Key
  • Note–Ranks given for track events are within the athlete's heat only
  • N/A = Round not applicable for the event

Track & road events
Athlete Event Heat Quarterfinal Semifinal Final
Time Rank Time Rank Time Rank Time Rank
Joshua Ilustre Men's 800 m DSQ[8] N/A Did not advance
Regine Tugade Women's 100 m 12.52[10] 3 Did not advance

Cycling[edit]

Mountain biking[edit]

Guam qualified one mountain biker for the men's Olympic cross-country race, as Oceania's sole representative outside the world's top twenty-five nations in the UCI Olympic Ranking List of May 25, 2016. Peter Lombard was the only Guamanian athlete to qualify for the 2016 Olympics on merit.[11] Lombard is an eye surgeon, and rearranged his work schedule to allow for more training. He also took a week off of work to train on mountains in Japan.[12]

Lombard was one of five athletes who did not finish the race. He had issues with his bike pedal that made it hard to clip in. At one point, the course was so slippery from rain riders had to dismount. The faulty clip made it difficult for Lombard to re-mount his bike. He crashed on both the first and second lap before being pulled from the race after the second crash.[13] Once the motorcycle pulled him from the race, he was at the top of a mountain and unsure where to go. He decided to cheer on the cyclists still in the race, which drew attention and was well received by the crowd. About his Olympic experience, he said, "I’m happy to be done, happy to be in one piece".[14]

Athlete Event Time Rank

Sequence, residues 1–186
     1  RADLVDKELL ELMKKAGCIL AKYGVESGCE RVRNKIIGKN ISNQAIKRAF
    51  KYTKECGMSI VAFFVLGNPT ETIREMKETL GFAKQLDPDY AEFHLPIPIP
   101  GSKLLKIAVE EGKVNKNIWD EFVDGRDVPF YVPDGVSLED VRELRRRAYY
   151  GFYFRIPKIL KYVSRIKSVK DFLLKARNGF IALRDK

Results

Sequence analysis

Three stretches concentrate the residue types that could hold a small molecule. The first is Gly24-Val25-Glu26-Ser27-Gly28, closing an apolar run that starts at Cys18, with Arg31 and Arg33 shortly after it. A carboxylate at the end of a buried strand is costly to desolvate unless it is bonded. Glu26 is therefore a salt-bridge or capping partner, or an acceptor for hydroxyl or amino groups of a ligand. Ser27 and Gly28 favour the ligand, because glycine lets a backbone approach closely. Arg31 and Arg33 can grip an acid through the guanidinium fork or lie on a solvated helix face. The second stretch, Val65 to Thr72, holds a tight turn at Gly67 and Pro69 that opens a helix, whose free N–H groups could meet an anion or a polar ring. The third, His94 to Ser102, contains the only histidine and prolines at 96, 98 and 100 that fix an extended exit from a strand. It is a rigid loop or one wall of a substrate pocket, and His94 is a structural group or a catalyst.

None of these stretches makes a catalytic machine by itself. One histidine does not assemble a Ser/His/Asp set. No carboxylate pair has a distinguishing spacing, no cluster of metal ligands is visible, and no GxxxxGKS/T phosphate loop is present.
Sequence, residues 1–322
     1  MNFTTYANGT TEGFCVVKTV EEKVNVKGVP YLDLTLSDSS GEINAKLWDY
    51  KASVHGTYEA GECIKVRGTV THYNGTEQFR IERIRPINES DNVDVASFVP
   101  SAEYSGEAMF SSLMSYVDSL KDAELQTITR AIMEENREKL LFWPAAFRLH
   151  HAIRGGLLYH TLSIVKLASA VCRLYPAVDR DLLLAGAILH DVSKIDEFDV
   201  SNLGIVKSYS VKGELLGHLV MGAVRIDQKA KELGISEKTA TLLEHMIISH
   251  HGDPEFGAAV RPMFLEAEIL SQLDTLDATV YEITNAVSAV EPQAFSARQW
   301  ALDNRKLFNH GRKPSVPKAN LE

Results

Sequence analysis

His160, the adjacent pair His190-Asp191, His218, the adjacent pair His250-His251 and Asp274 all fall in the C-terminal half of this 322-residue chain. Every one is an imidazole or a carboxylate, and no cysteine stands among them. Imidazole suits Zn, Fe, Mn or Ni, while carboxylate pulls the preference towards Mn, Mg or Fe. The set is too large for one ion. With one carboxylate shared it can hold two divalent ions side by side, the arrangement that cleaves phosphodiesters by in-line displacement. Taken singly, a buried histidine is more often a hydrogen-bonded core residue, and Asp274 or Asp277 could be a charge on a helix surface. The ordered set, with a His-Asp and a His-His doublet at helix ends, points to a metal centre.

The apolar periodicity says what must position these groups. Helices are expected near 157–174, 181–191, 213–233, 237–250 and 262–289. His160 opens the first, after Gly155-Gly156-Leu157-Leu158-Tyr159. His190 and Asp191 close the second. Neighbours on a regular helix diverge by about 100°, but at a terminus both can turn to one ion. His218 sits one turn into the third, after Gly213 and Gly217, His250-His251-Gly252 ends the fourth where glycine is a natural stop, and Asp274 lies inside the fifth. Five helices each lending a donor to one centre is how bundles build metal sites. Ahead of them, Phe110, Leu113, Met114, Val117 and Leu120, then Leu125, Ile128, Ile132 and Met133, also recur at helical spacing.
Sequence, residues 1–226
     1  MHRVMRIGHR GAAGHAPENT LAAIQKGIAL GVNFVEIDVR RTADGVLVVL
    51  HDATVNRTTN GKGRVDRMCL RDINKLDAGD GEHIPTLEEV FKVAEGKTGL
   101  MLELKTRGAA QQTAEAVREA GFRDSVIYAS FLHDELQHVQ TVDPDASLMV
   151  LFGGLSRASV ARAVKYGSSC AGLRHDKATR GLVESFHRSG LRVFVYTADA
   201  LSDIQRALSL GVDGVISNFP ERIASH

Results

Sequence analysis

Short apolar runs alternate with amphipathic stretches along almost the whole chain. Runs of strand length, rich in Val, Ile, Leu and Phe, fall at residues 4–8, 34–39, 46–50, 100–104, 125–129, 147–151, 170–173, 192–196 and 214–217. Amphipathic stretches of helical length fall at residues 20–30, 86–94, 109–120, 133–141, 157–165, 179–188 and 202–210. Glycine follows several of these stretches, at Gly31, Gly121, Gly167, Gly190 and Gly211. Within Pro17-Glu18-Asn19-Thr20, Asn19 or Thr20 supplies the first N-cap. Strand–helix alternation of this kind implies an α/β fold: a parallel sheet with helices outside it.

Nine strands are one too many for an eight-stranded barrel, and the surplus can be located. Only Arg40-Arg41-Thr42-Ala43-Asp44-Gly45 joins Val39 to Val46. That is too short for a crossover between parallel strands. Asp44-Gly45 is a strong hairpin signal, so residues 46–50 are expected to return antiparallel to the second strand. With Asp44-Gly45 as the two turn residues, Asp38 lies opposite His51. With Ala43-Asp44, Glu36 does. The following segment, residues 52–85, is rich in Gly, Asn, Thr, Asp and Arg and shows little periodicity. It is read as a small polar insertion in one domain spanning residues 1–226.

Peter Lombard Men's cross-country Did not finish[13]

Swimming[edit]

Guam received a universality invitation from FINA to send two swimmers (one male and one female) to the Olympics.[15][16][17]

Pilar Shimizu competed in the 100 m breaststroke. She held the Guamanian national record for the event at the time of competition.[18] Shimizu previously placed 42nd in the event during the 2012 London Olympics.[19] She finished her event with a time of 1:16.65, which was not sufficient to advance.[20]

Benjamin Schulte, the flagbearer for the opening and closing ceremonies, swam in the 100 m breaststroke.[21] He broke his own national record with a time of 1:03.29 (previous record was 1:03.42).[7] He was happy with his result and plans on competing in the 2020 Olympics in Tokyo.[22]

Athlete Event Heat Semifinal Final
Time Rank Time Rank Time Rank
Benjamin Schulte Men's 100 m breaststroke 1:03.29[23] 43 Did not advance
Pilar Shimizu Women's 100 m breaststroke 1:16.65[20] 38 Did not advance

Qualifiers for the latter rounds of all swimming events were decided on a time only basis, therefore positions shown are overall results versus competitors in all heats.

References[edit]

  1. ^ a b Sablan, Jerick (August 4, 2016). "Schulte will bear Guam flag in Rio Olympics opening ceremony". Pacific Daily News. Retrieved August 4, 2016. 
  2. ^ Sablan, Jerick (July 23, 2016). "Guam's athletes for the Olympics". Pacific Daily News. Retrieved September 14, 2016. 
  3. ^ a b Sablan, Jerick (July 9, 2016). "Guam's history at the Olympics". Pacific Daily News. Retrieved January 20, 2018.